Senator Urges Banning $10K Chinese EVs

Electric vehicle charging | Image by Cavan Images/Getty Images

A senator has warned President Joe Biden that keeping China out of the U.S. electric vehicles market is “a matter of economic and national security.”

Sen. Sherrod Brown’s (D-OH) message came in an April 11 letter to Biden, detailing how Chinese automaker BYD makes and sells more electric cars — 3 million last year — worldwide than any other company, including Tesla, which sold just over 1.8 million in 2023. However, the Chinese company’s EVs are currently not sold in the United States, partly due to an unusually high 27.5% tariff on Chinese cars imposed by former President Donald Trump, which Biden has continued.

The Chinese price advantage is so great that even the extreme tariffs will not keep them out of the U.S. market for long, Vox reported. They can retail at around $10,000.

Brown contends this protection is necessary because China illegally subsidizes its EV industry, just as it has done for years in other sectors. Brown, who represents a state that ranks third after Michigan and Indiana in terms of automotive manufacturing jobs, wants to see a formal ban on Chinese-produced EVs. Brown claims that forcing domestic EV makers to compete with China’s manufacturing cost advantage would quickly lead to a race to the bottom, wiping out workers’ leverage for higher wages and benefits.

In a statement summarizing the points in his letter, Brown said, “Chinese electric vehicles are an existential threat to the American auto industry. Ohio knows all too well how China illegally subsidizes its companies, putting our workers out of jobs and undermining entire industries, from steel to solar manufacturing. We cannot allow China to bring its government-backed cheating to the American auto industry. The U.S. must ban Chinese electric vehicles now and stop a flood of Chinese government-subsidized cars that threaten Ohio auto jobs and our national and economic security.”

The difficulty for Biden is that the Chinese are demonstrating a massive competitive advantage in a market that his administration has sought to promote as a key component of his promised Green New Deal to fight climate change. As The Dallas Express has previously reported, Biden had initially sought to make two-thirds of auto sales in the United States EVs by 2032. Still, the high cost of the cars and low demand by consumers have forced his administration to delay those plans.

Brown’s letter underscores Trump’s alleged appeal to some auto workers last year, urging them to oppose the EV transition. The former president said that if Biden’s “all Electric Cars” plan goes into effect, “CHINA WILL TAKE IT ALL, 100%,” DX reported.

As demonstrated by a member of his own party beseeching him to exclude cheap EVs from the domestic market to save American manufacturing jobs, Biden must decide between prioritizing his climate agenda versus protecting well-paying jobs in key swing states like Ohio that he must have to win a second term, as reported by Vox. It has led to seemingly conflicting policies, like offering Americans $7,500 when they buy an EV while taxing the most affordable EVs in the world to keep them out of the domestic market.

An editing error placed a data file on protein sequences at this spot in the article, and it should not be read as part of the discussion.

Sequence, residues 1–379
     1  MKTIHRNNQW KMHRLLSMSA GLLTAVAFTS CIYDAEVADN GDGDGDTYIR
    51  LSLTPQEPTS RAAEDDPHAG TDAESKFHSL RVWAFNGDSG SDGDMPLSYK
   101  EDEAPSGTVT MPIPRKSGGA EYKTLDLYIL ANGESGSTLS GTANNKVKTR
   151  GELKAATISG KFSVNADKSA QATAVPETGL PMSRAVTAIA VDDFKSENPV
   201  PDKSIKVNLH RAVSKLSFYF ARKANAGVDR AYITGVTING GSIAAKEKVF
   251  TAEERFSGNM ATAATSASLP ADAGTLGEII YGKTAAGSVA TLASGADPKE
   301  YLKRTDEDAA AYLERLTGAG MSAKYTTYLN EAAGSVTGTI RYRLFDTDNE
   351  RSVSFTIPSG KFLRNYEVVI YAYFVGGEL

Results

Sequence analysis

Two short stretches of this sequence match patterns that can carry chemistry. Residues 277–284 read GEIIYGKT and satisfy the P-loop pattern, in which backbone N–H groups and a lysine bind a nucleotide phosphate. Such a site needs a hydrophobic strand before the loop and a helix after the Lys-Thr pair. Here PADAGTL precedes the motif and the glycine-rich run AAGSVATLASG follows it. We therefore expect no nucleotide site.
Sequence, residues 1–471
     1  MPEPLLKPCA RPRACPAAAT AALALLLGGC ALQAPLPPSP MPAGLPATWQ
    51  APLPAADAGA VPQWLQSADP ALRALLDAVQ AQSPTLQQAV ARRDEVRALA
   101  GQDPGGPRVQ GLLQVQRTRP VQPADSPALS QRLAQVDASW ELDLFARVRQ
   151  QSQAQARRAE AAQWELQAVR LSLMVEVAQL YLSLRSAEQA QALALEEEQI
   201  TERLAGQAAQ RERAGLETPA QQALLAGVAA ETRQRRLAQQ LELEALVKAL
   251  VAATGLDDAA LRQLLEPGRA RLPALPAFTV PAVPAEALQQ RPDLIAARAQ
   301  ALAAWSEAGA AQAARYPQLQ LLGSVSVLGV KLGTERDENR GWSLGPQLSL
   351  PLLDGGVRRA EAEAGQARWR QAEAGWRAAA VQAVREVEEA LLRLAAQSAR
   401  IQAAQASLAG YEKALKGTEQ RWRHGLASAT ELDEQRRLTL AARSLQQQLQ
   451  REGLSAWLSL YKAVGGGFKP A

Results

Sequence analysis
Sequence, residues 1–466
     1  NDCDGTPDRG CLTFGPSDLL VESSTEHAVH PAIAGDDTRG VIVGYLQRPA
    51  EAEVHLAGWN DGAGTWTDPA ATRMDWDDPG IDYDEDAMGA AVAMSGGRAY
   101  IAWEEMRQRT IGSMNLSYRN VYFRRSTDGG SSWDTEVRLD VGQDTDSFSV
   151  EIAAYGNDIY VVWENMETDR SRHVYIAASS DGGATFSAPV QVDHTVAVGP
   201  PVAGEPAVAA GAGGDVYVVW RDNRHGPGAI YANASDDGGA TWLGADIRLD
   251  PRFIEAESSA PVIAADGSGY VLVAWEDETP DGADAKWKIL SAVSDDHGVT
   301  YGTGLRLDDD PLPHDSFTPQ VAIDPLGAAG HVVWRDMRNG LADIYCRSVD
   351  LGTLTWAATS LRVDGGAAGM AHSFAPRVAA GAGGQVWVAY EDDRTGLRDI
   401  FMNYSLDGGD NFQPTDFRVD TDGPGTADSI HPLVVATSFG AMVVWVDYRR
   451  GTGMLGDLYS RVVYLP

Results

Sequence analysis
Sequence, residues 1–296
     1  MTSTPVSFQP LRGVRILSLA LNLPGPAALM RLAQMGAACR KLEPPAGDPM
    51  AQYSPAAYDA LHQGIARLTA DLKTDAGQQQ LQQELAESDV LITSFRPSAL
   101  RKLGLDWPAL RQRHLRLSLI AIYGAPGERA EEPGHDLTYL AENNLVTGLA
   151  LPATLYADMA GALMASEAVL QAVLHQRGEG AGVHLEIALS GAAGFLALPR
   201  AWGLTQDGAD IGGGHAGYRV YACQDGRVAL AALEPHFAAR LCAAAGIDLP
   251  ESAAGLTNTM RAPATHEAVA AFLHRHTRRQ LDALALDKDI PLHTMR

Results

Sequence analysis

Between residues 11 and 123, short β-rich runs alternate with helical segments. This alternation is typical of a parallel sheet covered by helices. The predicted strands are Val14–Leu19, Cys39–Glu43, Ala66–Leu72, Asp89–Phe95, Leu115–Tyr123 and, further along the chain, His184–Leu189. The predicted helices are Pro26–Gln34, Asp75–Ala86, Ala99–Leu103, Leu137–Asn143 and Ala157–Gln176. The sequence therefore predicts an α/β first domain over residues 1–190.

The Chinese-manufactured EVs arguably present a national security threat.

Brown’s letter argues that Chinese EVs compromise national security by transmitting data on U.S. infrastructure and Americans’ habits back to China. His words echoed the concerns expressed by Biden in February when he ordered the Commerce Department to investigate the software used in Chinese-made cars.

“Connected vehicles from China could collect sensitive data about our citizens and our infrastructure and send this data back to the People’s Republic of China. These vehicles could be remotely accessed or disabled,” Biden said, reported The Wall Street Journal.

Yet other observers believe that Biden’s erratic policies make more sense when considered in the context of an overall agenda.

That is the conclusion drawn by Brent Bennett, policy director for Life:Powered at the Texas Public Policy Foundation. Bennett, who has a Ph.D. in engineering with a focus on energy storage, told DX, “It seems the strategy is to force automakers to sell more EVs, which primarily use batteries made in China or have materials sourced from China while banning more affordable Chinese EVs. The result is either that we must buy a gas car that is more expensive because of fuel economy mandates or buy an EV that is more expensive because of import bans and tariffs.”

Bennett then explained why this outcome is generally consistent with leftist goals.

“Combined with the regulations and subsidies that are driving up energy costs, the inescapable conclusion is that these policies will require Americans to buy fewer cars, drive less, and generally live less mobile and free lives,” he said.

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